I continue this year’s survey of books that make explicit the trinitarian structure of Wesley’s theology with Holy Trinity: Holy People, The Theology of Christian Perfecting, by T. A. Noble (Wipf and Stock, 2013). Noble’s work is not only an explication of Wesley’s theology but a revision for the present day.
He devotes his early chapters to an examination of Christian perfection, the most distinctive element of Wesley’s theology. Given the dynamic nature of its meaning in Greek, Noble opts to call it “Christian perfecting,” and emphasizes its historic Christian description as being “outwardly turned love” (24).
His linkage of Christian perfecting to trinitarianism begins with a consideration of the economic Trinity (through whom we are sanctified), then moves to the immanent Trinity (whose image we reflect) There is so much he covers that I will have to be selective, but I hope to present a fair account (and invite you to read the entire book for yourself).
Regarding the person and work of Christ, Noble makes three key points. First, “Christ sanctified our humanity by assuming it” (the incarnation) (163). Christ “took our sin in the sense that he took our sinful, fallen human existence … [and] in the very taking of it into union with his eternal person as the Son, he sanctified it by his Holy Spirit” (168).
Second, “Christ sanctifies our humanity by living it” (172). He lived “a human life with all the practical choices and decisions of every day, and with all the outer demands and all the inner pressures and weakness of mortal humanity living in a fallen world in this present evil age.” But in so doing “he so sanctified human personal life that it became possible for us too to live as he did as genuinely compassionate and holy persons” (176).
Third, “Christ sanctified our humanity by crucifying it” (177). Christ’s entire life was a death to a sinful self-interest, and the cross was the culmination of that life of self-giving. Thus “there at the cross, the temptation to live according to the old Adamic self-interest, which he had denied and mortified within himself consistently and perfectly in his obedience to the Father at every moment of his life, finally and definitively died” (178). In its place “the new humanity was raised in the power of the Spirit in the resurrection body of the risen Lord” (180).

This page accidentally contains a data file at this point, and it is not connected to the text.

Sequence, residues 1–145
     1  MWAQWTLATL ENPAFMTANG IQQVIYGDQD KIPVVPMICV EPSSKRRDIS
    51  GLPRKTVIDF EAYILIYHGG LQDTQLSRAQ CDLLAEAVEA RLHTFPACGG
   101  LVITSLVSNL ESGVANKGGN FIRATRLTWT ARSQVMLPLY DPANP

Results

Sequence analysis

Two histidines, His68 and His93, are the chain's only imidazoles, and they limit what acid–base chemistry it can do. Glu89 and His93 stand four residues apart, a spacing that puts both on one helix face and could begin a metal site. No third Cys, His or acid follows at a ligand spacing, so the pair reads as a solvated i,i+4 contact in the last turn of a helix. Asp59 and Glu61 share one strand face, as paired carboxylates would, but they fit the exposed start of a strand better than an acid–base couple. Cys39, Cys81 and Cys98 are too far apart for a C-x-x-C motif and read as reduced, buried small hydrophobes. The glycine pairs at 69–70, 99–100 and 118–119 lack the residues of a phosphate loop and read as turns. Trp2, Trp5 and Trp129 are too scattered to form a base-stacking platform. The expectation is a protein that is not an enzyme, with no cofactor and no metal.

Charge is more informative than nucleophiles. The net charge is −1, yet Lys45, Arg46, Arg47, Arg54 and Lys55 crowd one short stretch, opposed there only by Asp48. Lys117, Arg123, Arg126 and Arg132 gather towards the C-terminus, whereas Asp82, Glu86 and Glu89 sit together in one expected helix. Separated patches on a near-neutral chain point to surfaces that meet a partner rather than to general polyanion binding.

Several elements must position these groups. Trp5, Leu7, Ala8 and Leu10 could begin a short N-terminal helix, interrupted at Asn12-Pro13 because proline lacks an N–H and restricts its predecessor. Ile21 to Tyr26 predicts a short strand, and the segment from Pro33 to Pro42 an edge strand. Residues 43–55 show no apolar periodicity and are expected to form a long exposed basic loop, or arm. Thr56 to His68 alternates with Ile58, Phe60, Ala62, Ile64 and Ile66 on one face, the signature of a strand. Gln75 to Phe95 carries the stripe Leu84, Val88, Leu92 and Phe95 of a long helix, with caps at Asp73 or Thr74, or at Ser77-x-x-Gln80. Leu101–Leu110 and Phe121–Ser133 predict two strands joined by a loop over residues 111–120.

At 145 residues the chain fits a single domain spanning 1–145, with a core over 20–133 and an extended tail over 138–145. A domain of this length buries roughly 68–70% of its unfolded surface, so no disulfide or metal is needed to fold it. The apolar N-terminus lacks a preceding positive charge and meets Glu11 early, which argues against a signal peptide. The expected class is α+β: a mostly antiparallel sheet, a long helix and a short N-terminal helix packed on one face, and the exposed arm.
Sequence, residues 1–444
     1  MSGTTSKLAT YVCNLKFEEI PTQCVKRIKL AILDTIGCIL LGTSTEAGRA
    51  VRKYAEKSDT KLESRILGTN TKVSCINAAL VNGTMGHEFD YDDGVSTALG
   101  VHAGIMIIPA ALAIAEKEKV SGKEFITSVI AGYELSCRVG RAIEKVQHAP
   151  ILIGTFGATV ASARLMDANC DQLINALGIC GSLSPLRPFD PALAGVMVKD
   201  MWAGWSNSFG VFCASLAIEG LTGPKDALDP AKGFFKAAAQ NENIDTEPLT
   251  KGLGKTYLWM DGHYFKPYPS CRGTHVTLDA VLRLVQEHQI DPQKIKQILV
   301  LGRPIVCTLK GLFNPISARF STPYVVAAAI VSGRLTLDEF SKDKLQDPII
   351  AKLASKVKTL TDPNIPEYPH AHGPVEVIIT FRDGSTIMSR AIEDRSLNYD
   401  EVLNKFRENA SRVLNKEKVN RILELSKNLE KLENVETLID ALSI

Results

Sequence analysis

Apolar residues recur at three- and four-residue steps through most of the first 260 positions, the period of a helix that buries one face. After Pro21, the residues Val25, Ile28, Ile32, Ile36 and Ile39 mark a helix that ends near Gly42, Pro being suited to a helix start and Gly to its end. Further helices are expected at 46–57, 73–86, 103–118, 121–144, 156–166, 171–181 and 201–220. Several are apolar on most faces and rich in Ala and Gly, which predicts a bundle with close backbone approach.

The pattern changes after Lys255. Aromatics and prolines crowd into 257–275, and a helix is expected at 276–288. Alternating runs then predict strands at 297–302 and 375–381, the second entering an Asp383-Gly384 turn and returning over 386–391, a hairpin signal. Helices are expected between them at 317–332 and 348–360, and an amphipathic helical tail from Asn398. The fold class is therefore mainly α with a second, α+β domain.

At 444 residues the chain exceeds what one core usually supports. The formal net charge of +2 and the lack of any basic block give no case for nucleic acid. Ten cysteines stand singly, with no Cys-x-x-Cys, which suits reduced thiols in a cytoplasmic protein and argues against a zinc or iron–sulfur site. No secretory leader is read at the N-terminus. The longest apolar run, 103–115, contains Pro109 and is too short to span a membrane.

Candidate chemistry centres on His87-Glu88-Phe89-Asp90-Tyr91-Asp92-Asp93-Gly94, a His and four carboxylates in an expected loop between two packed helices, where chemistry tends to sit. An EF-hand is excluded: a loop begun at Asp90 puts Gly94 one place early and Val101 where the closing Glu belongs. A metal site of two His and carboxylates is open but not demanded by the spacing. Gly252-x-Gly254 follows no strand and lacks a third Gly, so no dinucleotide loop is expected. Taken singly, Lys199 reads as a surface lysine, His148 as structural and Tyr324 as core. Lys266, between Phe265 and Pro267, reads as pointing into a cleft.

Thus, Christ himself is the foundation for holiness. Our sanctification is a participation in what Christ has done for us in his death and resurrection. The atonement is complete, but we must enter in. This we do through the power of the Spirit (181).
The Holy Spirit, says Noble, is the dawn of the age to come, the “already” in the “already/not yet.” This can be seen in Jesus himself: his obedient life was enabled by the power of the Spirit. The inner secret of his life was “his relationship with the Father, and that relationship is a relationship in the Spirit (186). Jesus’s own entire sanctification was therefore at its heart relational (187).
With his resurrection and ascension Jesus, who was baptized in the Spirit, now is the giver of that same Spirit to us (180). Newborn Christians, who know all too well that was there remains “a contrary power within us pulling us” away from God, can be filled with the Spirit, such that we can have an “all-consuming love for God and neighbor with an undivided heart” (194–95)
Moving to the immanent Trinity, Noble notes that many contemporary theologians now understand the triune God as a communion characterized by mutuality, and it is this mutual indwelling and relationship that constitutes personhood within the Trinity (213). But what is missing from these discussions is love, which was the great emphasis of theologians like Augustine and the Wesleys (215). “The doctrine of the Trinity,” Noble says, “suggest that the eternal holiness of God consists in the fact that he is a communion of interpersonal love” (218).
That the triune God is love has significant implications. First, a God of love is thereby gracious or self-giving; thus “we cannot speak of God as a self-contained fellowship of love.” God’s love reaches out to the creation and to all humanity (219).
Second, therefore, the church itself is to be an image of the Holy Trinity. If the Trinity is a “community of interpersonal love” then “we are going to have to think of the church as corporate, modeled on the family,” a communion that is “in fact the communion or fellowship of the Holy Trinity” (220). It is within such a loving fellowship that persons are nurtured in faith and love that perfect love—loving God with all one’s heart—is possible (221).
Third, if the church reflects triune love, it cannot “be wrapped up in itself.” Just as God’s love is missional, the church reaches out in love to others (221–22).
But mission is the penultimate purpose, not the ultimate purpose of the church. The ultimate purpose is “the worship of the Triune God.” That,” says Noble, “will be the life of the church in the age to come, and that is the heart” of its life today (222).